She also has a yearling colt by FDD Dynasty named Sunny D 123.

Cold Cash 123 defeated Tana Price’s The Sunday Assassin in the Remington Challenge. This 4-year-old gelding is by FDD Dynasty and out of the Oh Shiney mare Oh Dusty Bunny. Bred by Corner K Quarter Horses of Fayetteville, Arkansas, The Sunday Assassin has won or placed in 10 of 14 career starts and earned $90,768. From the first of three crops to race for his champion sire, he is one of nine stakes winners by the son of First Down Dash. FDD Dynasty has sired the earners of more than $2.9 million.

Dam Oh Dusty Bunny was a race winner and from nine starters has produced seven winners. They include Chicks Gray Blurr (by Chicks A Blazin, $167,574), Dustys Alibi (by Now I Know, $129,748) and Dash On Line (by Toast To Dash, $106,988). She is also the dam of race winner Bye Bye Baby Goodbye (by Takin On The Cash), who produced the Country Chicks Man mare Sumokin ($307,315).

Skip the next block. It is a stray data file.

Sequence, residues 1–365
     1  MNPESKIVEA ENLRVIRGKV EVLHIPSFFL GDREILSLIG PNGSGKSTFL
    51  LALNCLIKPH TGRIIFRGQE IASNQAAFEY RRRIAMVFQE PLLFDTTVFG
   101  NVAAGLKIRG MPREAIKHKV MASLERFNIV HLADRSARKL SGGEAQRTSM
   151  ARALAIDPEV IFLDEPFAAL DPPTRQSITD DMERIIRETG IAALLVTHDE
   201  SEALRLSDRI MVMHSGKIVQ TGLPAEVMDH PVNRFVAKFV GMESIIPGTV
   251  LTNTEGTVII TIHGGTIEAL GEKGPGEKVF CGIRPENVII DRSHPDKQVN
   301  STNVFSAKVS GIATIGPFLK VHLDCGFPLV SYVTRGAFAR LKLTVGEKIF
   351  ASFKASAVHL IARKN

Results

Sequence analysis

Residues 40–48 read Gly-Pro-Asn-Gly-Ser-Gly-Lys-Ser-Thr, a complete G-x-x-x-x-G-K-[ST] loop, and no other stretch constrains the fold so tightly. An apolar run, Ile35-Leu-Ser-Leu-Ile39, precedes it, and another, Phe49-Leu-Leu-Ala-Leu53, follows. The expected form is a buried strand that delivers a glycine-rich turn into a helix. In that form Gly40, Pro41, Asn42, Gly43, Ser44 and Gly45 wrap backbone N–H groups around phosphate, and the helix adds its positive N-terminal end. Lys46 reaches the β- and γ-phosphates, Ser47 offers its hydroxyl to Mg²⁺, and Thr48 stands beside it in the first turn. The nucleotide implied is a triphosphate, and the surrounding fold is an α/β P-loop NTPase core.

Third-place finisher BF Farm Boy is a full brother to champion Strawkins ($613,406). Owned by breeder Don Boyle in partnership with Wade Siegel, BF Farm Boy has earned $124,472 in his career. The gelding is by Hawkinson and out of the Strawfly Special mare Shirleys Strawfly. His sire, a son of First Down Dash, was a champion on the track and has sired the earners of more than $9.3 million. Shirleys Strawfly was a race winner and has produced the earners of more than $1.1 million, including five stakes winners. In addition to Strawkins, she has also produced stakes winners Mr Eye Will (by Mr Eye Opener, $57,173), Raining Fresh Daisys (by Takin On The Cash, $31,432), Summit Bid (by Mountains Majesty, $79,563) and BF Farm Girl (by First Down Dash, $42,270).